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April 25, 2009

Doctor's Orders: Pump Iron & Run

"Keep up the long-distance running and start lifting weights," my doctor recommends, "because studies show than running [alone] doesn't guard against loss of bone density."
Of course, I'll heed the advice but investigated this directive and found some interesting results from a recent study (2/09) at the University of Missouri, on men ages 19-45:

"The results of the study confirm that both resistance training and high-impact endurance activities increase bone mineral density. However, high-impact sports, like running, appear to have a greater beneficial effect,” said Pam Hinton, associate professor in the Department of Nutrition and Exercise Physiology.

Hinton's study on Low BMI and Bone Loss in Young Women (5/08) showed that "bone mass in women peaks at age 30 and is stable until age 50 when a rapid loss begins to occur. Men stay relatively steady over time and do not experience a significant bone loss until age 70."

She also found that "the skeleton responds to impact or weight-bearing activity such as running, soccer, volleyball, group exercise classes, and resistance training. Swimming, walking and cycling will not help build or maintain bone mass.
"

Hello, old friend
With the advice to start pumping iron, coupled with the above research, I'll attempt to augment my fitness plan. Adding another element to will prove a balancing act—especially of time. In the past I've mixed things up (various combos of running, cycling, spinning, lifting, yoga, etc.) but found that at eventually there were too many activities in the ring before one got knocked out. Still, it's worth another round.

Some benefits will be work-out variety, guarding against particular over-use injuries and, of course, keeping up my BMD.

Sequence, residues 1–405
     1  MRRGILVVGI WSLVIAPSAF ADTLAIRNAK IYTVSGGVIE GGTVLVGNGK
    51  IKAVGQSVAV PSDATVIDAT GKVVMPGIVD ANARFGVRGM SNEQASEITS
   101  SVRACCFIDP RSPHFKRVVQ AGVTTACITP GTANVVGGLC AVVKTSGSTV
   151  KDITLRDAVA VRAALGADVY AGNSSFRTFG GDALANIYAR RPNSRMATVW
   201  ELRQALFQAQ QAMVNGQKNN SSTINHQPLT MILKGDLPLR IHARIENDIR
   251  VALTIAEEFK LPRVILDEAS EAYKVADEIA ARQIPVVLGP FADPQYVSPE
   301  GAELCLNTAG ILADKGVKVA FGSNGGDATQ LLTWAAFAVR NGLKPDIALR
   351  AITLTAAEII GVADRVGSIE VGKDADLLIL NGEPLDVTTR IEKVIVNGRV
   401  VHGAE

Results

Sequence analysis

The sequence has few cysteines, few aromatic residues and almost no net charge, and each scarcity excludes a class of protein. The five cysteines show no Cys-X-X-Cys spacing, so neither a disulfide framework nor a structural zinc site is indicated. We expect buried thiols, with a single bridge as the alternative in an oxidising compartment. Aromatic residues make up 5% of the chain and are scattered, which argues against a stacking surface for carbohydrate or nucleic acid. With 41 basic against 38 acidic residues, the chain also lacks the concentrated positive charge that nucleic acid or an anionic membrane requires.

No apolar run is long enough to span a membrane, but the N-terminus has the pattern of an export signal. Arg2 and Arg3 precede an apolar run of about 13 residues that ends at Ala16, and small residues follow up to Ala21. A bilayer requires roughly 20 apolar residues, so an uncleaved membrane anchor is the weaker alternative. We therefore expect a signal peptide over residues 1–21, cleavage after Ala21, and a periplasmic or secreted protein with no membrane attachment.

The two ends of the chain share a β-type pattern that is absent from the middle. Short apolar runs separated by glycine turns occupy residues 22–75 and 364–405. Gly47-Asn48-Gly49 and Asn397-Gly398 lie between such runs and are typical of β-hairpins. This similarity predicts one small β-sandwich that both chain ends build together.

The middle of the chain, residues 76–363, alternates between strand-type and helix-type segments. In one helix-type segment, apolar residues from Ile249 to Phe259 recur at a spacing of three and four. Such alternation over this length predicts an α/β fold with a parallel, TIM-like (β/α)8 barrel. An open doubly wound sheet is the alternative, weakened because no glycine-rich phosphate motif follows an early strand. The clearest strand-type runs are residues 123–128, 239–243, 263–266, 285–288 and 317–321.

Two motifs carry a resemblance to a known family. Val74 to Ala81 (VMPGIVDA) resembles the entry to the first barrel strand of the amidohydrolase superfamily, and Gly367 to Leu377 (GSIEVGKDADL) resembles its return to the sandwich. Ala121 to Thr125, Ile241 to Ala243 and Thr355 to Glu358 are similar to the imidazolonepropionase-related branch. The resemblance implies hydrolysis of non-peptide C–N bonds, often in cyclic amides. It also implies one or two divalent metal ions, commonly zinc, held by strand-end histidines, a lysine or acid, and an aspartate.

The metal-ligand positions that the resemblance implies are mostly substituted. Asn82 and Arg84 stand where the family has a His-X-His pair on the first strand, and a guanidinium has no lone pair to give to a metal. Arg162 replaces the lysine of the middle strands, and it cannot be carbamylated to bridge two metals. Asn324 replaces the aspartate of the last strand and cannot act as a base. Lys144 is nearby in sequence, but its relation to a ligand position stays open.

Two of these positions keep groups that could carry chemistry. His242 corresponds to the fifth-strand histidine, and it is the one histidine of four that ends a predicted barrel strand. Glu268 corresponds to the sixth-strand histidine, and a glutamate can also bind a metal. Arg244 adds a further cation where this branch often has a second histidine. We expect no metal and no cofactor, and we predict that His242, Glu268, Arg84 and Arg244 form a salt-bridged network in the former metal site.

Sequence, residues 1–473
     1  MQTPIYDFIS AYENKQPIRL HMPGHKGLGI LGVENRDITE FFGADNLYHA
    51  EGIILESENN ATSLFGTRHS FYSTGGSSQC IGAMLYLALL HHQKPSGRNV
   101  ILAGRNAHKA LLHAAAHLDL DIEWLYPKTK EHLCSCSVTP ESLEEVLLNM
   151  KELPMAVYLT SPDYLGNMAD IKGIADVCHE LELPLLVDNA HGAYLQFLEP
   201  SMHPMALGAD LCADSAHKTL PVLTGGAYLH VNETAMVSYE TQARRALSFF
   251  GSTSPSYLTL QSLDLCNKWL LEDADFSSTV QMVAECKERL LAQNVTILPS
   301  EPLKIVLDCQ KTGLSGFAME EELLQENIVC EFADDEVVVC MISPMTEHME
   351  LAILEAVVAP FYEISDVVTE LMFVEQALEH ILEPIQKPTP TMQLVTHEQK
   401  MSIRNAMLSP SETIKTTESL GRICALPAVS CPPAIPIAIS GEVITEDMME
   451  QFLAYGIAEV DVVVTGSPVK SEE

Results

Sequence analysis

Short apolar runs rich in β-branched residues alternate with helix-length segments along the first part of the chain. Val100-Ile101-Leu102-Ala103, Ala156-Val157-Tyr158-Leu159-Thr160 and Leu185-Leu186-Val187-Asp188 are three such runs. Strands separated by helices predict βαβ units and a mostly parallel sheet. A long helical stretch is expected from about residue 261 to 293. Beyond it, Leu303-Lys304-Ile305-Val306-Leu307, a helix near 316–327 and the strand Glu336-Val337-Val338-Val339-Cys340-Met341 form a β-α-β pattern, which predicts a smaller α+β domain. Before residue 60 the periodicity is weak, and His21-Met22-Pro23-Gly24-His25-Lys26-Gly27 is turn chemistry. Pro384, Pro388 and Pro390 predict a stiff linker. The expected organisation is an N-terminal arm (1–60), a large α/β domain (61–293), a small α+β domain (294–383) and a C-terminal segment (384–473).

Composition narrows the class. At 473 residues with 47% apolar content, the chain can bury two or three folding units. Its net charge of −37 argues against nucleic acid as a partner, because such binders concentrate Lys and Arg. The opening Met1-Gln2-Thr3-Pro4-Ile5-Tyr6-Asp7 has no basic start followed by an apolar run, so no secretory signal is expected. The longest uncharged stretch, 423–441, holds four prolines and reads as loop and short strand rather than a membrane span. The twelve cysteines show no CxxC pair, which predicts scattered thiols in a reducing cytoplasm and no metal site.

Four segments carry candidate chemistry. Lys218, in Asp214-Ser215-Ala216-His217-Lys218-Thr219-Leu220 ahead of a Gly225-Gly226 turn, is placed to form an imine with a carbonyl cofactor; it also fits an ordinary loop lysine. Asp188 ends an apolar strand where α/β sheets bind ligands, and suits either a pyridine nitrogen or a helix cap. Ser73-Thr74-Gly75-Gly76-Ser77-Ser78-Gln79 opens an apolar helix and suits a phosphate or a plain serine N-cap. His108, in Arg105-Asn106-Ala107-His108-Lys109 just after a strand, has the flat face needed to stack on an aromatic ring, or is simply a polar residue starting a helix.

I love to cycle—about as much as running—so the bike stays in the picture.

After months and months of running as my major bread and butter, when I road for the first time this season I was pleasantly surprised at how many miles can be traveled in so little time.
How many bike miles equal one mile of running?
My first longer, windy, farm land ride of the season.
(imagine the scent of cow manure.)

video
This is going to be fun!

2 comments:

Running and living said...

I'd add getting your calcium in and checking your family history to the recommandations (osteoporosis is highly genetic)! Good luck with weight lifting. For me, having weights at home helps a lot, and I manage to do 1-2 short sessions weekly when life is not too crazy. Ana-Maria

Laurel said...

Emily, Thanks for the interesting post. In my twenties as a high mileage runner, I struggled with bone density issues due to low estrogen levels because of extremely low body fat from all my running. I was put on estrogen replacement but was afraid of the links estrogen replacement has to different types of cancer. So under the advice of my MD, I hired a trainer and added strenght training and dropped the estrogen replacement. I've been doing strength training in one form or another for the past 20 years (you'd never know it to look at me!) I now have excellent bone density measurements, even in my mid-forties when a lot of women are loosing bone mass.

Here's how I compare bike miles to running miles...1. I wear a heart monitor to keep the effort honest (unlike with running, you can cruise along at very little effort on a bike) 2. At equal heart rates, an hour of riding equals an hour of running from a cardio standpoint. Same goes for cross country skiing as far as I'm concerned.